Nick Ellis '17 | Plank
This past semester, politics and discourse rose from a whisper to an ambient roar at Jesuit High School.
Discussion naturally becomes topical around election season, especially when the Senior class of Jesuit either cast their vote or were close to being able to vote.
There are still those who abstain from conversation. For a lot of students at Jesuit, however, the advent of the political season was met with a general increase in political humor.
“We (the members of the student body) make a great deal of jokes about the election. Most of the people I know, especially underclassmen, deal with these tough questions by laughing it off,” said Patrick Caslin ‘17. “Either because we don’t really understand the topics or because we are uncomfortable dealing with tough discussion.”
This observation raises a certain question: what aspect of Jesuit facilitates this culture? Humor can bring a degree of levity to topics that can often seem too big to swallow, but too much of it tends to stamp out all hopes for productive conversation.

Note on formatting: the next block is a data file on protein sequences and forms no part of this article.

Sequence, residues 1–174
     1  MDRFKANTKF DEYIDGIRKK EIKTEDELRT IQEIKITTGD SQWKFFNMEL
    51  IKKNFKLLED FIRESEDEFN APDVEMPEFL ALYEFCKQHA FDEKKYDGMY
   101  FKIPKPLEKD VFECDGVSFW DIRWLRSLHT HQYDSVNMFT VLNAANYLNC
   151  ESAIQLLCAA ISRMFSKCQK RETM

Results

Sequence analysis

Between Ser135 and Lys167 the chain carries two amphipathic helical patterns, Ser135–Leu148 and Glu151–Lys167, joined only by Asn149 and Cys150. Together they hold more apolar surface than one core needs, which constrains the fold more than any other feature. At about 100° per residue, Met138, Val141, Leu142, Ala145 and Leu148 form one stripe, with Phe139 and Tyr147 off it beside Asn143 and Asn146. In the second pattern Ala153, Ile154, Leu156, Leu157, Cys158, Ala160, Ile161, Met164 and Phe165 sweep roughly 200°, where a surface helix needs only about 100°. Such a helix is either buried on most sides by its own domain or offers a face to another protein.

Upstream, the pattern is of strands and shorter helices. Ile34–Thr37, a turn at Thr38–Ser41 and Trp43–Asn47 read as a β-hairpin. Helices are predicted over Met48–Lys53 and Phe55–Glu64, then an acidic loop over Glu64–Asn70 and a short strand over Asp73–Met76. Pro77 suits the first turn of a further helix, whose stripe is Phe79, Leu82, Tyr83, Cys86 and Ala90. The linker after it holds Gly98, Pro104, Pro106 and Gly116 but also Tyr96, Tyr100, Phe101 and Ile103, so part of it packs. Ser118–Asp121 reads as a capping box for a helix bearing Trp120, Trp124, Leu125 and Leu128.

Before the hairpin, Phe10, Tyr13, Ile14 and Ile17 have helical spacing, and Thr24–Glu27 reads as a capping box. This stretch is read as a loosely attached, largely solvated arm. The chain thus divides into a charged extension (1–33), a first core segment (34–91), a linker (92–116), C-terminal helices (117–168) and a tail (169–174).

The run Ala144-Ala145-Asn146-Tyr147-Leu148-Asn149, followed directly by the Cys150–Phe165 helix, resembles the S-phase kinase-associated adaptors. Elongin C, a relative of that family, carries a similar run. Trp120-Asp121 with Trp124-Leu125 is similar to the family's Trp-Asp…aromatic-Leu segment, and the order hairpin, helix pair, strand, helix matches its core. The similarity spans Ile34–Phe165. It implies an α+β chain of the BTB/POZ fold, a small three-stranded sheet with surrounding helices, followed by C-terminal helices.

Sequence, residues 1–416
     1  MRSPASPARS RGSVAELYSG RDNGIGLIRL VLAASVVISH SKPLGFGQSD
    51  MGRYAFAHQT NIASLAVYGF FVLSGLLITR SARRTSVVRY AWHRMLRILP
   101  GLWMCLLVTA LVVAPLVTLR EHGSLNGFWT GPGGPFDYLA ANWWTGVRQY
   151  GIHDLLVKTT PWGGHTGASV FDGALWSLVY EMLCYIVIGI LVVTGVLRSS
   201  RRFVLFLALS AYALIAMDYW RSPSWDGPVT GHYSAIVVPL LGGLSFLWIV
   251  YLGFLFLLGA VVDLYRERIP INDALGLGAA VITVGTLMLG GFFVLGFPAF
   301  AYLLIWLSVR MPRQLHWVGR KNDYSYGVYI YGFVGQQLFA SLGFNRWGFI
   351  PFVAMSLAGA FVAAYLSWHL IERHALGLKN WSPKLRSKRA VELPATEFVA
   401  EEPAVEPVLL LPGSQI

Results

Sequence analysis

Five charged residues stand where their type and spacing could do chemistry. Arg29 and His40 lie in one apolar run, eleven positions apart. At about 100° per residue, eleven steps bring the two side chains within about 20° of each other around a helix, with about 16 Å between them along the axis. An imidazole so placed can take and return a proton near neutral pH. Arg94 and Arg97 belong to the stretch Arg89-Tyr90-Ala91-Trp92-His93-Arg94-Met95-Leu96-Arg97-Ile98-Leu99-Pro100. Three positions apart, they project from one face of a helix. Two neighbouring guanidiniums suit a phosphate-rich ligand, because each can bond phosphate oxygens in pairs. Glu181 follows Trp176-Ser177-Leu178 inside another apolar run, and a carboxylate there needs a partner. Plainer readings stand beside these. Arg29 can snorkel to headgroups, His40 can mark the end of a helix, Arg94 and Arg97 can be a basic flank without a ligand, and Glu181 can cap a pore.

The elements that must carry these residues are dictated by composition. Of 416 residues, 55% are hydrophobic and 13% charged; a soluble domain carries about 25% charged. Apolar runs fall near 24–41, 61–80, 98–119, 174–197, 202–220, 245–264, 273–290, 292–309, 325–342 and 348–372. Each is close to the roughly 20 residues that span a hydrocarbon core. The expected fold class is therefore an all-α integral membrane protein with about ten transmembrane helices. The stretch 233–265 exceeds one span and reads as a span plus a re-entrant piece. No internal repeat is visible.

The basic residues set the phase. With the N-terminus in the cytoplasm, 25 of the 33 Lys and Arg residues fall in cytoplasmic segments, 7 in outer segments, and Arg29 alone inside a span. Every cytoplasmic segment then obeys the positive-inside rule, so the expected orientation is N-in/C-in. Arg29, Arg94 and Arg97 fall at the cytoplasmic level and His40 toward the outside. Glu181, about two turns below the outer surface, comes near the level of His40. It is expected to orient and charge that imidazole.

“[It’s] because we’re stupid teenagers,” said Matt Keehn ‘17. “There’s a lot of immaturity. People don’t take it seriously.”
Matt’s response, while a tad blunt, makes an important observation about discussion between students at Jesuit. Memes and the excessive layers of irony that dominate modern humor understate the importance of weighty discussion topics.
The apparent dominance of humor poking light of serious issues, while an obstruction to proper discourse, may be temporary. Jesuit devotes many resources to not only the intellectual but spiritual development of its students, meaning that four years on campus offer opportunity for change.
My own awareness of social and political issues has been conceived and developed during my time in high school. I have a ways to go, but my experience in high school has certainly given me a slight start.
That “slight start” looks slightly different for everyone. Jesuit houses a remarkable diversity of political perspectives. While certain ideologies are more popular than others, there is a wide range of views expressed on campus.
When she first shared her initiative for healthy discussion with the Jesuit community, Ms. Gina Anderson of Jesuit’s Christian Service Department recognized the need for tolerance. It comes as no surprise that one of the central principles of her movement was attempting to reach understandings of other perspectives and their validity.
The first step to reaching the healthy climate that Jesuit seeks lies in a desire to discuss. Avoiding these topics for whatever reason will not solve the world’s issues. If Jesuit students are to act and are to impact the world, there is no time like the present to begin taking steps to doing so.